This form stresses how a family is a system and a unit, and how behaviors, or events, of a single person or situation, affect everyone else in the system. You can read more about family systems therapy here.
Functional Family Therapy
This brief, relatively structured method is often used among families with youth who are struggling with behavioral problems. Functional family therapy focuses on interactions between family members. Therapists help family members create solutions to problems while rebuilding respect and trust for each other.
Narrative Family Therapy
Narrative family therapy is a popular modality that can be used in many areas of psychotherapy. The method centers around individuals reinterpreting their experiences and stories to allow them to view it from the “outside.” This creates new perspectives and helps to open individuals to new opinions, solutions, and detaching emotions from facts.
Supportive Family Therapy
In some cases, it may not be necessary to deep-dive into the sources of problems. Instead, a family may only require guidance in solutions. Supportive family therapy refrains from exploring the past and helps members come together and find the best ways to support each other in times of need.
Structural Family Therapy
The focus of structural family therapy is, you guessed it, the family’s structure. There is an emphasis on establishing clear, healthy boundaries and a respected hierarchy.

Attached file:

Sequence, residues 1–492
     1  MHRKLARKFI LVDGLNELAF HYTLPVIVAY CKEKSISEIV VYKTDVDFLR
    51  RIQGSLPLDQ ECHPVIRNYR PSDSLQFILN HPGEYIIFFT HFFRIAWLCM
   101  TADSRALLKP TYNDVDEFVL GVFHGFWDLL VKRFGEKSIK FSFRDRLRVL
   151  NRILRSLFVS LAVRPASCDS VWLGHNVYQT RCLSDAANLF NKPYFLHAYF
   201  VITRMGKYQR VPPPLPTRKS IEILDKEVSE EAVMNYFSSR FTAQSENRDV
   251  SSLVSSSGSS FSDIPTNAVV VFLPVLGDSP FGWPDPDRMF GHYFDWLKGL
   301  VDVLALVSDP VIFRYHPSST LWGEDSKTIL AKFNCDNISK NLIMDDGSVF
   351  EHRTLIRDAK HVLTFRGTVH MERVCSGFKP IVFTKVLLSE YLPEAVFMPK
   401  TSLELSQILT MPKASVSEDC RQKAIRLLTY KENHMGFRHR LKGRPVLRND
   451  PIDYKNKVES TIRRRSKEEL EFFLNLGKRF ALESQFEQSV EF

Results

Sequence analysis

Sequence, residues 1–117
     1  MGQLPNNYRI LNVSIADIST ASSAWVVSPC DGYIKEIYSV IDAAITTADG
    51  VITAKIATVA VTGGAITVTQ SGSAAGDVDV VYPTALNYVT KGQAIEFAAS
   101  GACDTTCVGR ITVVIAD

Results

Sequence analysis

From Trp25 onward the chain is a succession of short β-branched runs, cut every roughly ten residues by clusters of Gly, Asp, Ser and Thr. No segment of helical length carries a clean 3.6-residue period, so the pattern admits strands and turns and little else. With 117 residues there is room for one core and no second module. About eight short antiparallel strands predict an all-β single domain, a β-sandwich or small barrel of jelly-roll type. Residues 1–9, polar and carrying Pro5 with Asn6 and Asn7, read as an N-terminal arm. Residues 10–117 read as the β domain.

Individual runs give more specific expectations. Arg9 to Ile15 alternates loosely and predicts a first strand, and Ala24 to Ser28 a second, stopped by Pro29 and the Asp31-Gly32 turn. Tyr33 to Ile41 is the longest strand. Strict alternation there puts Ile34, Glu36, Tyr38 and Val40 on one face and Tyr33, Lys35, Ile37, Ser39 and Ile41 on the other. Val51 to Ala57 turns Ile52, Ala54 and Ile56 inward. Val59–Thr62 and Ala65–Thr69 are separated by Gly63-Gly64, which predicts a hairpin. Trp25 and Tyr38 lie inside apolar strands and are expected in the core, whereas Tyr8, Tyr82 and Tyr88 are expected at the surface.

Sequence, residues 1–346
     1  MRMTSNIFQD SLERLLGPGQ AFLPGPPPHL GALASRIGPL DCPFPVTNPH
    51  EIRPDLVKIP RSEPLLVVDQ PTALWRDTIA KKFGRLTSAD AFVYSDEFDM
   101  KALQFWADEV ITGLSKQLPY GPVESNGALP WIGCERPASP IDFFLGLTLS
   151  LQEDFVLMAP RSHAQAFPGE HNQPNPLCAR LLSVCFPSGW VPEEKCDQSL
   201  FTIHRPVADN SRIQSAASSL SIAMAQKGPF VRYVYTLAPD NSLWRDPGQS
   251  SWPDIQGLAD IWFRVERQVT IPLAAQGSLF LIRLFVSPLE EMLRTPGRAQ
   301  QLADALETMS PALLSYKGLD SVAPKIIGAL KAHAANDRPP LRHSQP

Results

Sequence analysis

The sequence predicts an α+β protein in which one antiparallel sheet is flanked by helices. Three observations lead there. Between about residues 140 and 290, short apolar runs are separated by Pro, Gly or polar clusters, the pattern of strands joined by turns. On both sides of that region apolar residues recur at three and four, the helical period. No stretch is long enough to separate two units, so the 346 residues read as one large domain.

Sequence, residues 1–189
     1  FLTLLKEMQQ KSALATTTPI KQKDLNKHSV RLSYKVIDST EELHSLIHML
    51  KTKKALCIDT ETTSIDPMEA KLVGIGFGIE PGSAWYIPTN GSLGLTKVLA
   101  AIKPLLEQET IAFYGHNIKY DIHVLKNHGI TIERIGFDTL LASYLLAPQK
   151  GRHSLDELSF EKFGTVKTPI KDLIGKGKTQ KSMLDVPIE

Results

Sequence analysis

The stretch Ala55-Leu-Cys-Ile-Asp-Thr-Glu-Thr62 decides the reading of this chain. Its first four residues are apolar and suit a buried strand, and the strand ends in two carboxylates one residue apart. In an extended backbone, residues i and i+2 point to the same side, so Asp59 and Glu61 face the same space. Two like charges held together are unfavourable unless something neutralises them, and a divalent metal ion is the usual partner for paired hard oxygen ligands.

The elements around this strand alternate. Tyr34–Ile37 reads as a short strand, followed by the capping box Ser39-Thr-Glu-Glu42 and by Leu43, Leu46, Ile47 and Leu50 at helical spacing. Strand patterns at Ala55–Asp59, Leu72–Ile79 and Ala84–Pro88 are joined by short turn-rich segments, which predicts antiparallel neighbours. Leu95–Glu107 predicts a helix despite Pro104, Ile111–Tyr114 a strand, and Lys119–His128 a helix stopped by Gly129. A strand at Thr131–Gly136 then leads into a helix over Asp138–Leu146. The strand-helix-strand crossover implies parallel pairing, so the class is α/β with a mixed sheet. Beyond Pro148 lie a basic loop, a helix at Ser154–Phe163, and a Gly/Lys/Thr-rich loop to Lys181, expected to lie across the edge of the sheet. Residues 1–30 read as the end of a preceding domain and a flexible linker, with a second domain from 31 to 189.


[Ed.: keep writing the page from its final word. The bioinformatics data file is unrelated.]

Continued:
Turning Dysfunctional Into Functional
The terms dysfunctional family and functional family are frequently used within this topic of discussion. What do they mean, and what constitutes a family as being functional or dysfunctional? Can a dysfunctional family be rekindled?
Functional families are not to be thought of as “perfect” families. Every single family has its own set of problems and stresses. Within a functional family, members are allowed to have quarrels, times of unhappiness and distress, mental illnesses, etc. The primary difference between functional and dysfunctional families is found in how they “rebound” from inevitable aspects of life. A family’s level of resilience is rooted in how solid their foundation is. Concrete foundations are built on love, respect, boundaries, leadership, and effective communication.